Tahorot-The Laws of Purification-Part 5

Utensils can be made unclean through contact with a corpse. It must pass through fire. If it can’t be, then it can be immersed in water (Num 31). Earthenware, or stone, vessels must be destroyed (Lev 11.33). A spring or a cistern cannot become impure because of its importance to the ritual of cleansing. There are “allusions” to other things considered impure, such as the uncircumcised (Isa 52.1); idols/idolatry (Gen 35.2; Isa 30.22, 64.6), and the nations outside of Israel were seen as unclean (Josh 22.19; Hos 9.3; Amos 7.17). What qualifies as idolatry? Practices associated with it and things coming from idolatry. The goal of learning is to be “God conscious” and aware of his presence.

Let’s review a few things. Tamai means “ritually unclean” and tahor means “ritually clean.” Zara’at is translated as “leprosy” in the translations, but it is not to be understood as the leprosy we see today. When upon a man, he is immediately declared ritually unclean. The second type is a person is declared “clean” when the symptoms appear over the whole body. This makes no medical sense, but it is a hint to the spiritual nature of the problem. Only when a person admits that he is totally sinful and guilty can he be saved and pronounced clean by the Lord (Luke 5.12; John 13.10). So shall the Messiah come when Israel admits that they are in a similar spiritual state (Ezek 39.22). The third type requires total isolation for seven days. If no deterioration, than he is declared clean.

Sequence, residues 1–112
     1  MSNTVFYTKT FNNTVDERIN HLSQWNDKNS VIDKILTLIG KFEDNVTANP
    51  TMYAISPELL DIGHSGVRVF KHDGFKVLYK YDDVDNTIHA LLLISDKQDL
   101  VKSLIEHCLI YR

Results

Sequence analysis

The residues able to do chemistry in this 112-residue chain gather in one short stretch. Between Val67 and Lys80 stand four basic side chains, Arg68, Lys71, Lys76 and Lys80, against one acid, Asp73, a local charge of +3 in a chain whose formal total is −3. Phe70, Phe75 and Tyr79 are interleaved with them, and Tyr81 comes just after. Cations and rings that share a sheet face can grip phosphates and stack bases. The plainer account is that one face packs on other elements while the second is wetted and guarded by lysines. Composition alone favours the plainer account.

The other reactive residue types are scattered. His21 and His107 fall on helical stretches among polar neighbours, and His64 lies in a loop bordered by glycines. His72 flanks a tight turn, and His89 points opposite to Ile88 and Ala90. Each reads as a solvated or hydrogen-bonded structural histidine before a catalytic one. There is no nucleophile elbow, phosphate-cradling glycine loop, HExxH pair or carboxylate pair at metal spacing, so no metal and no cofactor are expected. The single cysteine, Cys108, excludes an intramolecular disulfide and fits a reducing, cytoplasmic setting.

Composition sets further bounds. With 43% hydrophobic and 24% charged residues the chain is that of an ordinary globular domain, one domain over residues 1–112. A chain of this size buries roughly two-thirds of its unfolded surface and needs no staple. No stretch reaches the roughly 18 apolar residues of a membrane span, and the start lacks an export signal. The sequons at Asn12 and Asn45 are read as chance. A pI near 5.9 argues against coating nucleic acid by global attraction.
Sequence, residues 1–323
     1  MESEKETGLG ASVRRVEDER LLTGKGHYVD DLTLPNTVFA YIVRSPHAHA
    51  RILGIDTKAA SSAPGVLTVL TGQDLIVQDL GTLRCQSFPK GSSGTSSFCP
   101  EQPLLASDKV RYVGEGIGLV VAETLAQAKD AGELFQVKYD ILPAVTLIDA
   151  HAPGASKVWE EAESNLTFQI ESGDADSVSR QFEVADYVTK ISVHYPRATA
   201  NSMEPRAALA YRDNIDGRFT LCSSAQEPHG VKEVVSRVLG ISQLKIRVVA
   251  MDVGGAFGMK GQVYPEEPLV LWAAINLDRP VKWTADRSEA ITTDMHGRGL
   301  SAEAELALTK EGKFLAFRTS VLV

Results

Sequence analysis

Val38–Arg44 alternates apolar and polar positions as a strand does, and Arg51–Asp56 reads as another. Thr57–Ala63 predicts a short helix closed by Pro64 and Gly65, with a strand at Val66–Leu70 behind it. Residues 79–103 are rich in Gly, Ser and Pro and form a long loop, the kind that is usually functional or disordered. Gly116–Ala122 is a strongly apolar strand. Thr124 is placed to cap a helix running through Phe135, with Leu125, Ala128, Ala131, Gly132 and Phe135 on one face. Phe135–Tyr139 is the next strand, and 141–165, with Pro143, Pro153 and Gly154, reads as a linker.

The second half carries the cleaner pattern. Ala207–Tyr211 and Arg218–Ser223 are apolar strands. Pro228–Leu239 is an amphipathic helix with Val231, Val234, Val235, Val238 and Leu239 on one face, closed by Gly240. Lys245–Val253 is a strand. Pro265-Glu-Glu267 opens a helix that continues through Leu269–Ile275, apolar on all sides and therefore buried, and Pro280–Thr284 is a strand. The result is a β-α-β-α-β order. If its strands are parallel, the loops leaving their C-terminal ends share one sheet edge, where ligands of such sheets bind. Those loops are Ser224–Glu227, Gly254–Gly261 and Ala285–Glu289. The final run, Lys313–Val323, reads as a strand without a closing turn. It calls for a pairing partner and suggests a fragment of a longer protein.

If upon clothes or buildings, the separation is always seven days. Zara’at observes all customs as if one was under a “ban” (Lev 13.45-46). The purification ritual is more complicated than for others and resembles the Yom Kippur ritual for the High Priest. Let’s look at an issue from the sexual organs. A “niddah” is a woman during menstruation. She must refrain from all sexual relations (Lev 5.19) and is unclean for seven days. Ritual impurity can be transferred through persons, utensils and clothes and can cause further transference (Lev 15.19-24). Secondary degree’s and lower uncleanness continues only until evening, except for sexual relations with a niddah, then it is seven days. No purity ritual for a niddah is presented in the Torah. The current day practice of a tevilah in a mikvah was derived later.

A “zavah” is a woman with a chronic issue not at her menstrual time (Lev 15.29). It is the same with a “zav”, who is a male with a chronic issue from his sexual organ, except he is to bathe in water (Lev 15.29). Cohabitation renders males and females ritually unclean until evening (Lev 15.16-18), as does a man with a seminal emission. He must bathe in a mikvah if he intends on entering the Temple. A man with a chronic flux (flow) and an issue of semen is sent outside of the camp (Num 5.2-3). A woman is unclean seven days after giving birth to a male, and 14 days if it is a female (Lev 12.2-5). For the male, the woman is unclean for an additional 33 days after that, and 66 days for a female. She is forbidden to enter the Temple or touch holy things. Upon completion, she brings an offering (Lev 12.6). After Yeshua was born, his mother performed this purification ritual found in Lev 12.1-8 (Luke 2.22-24).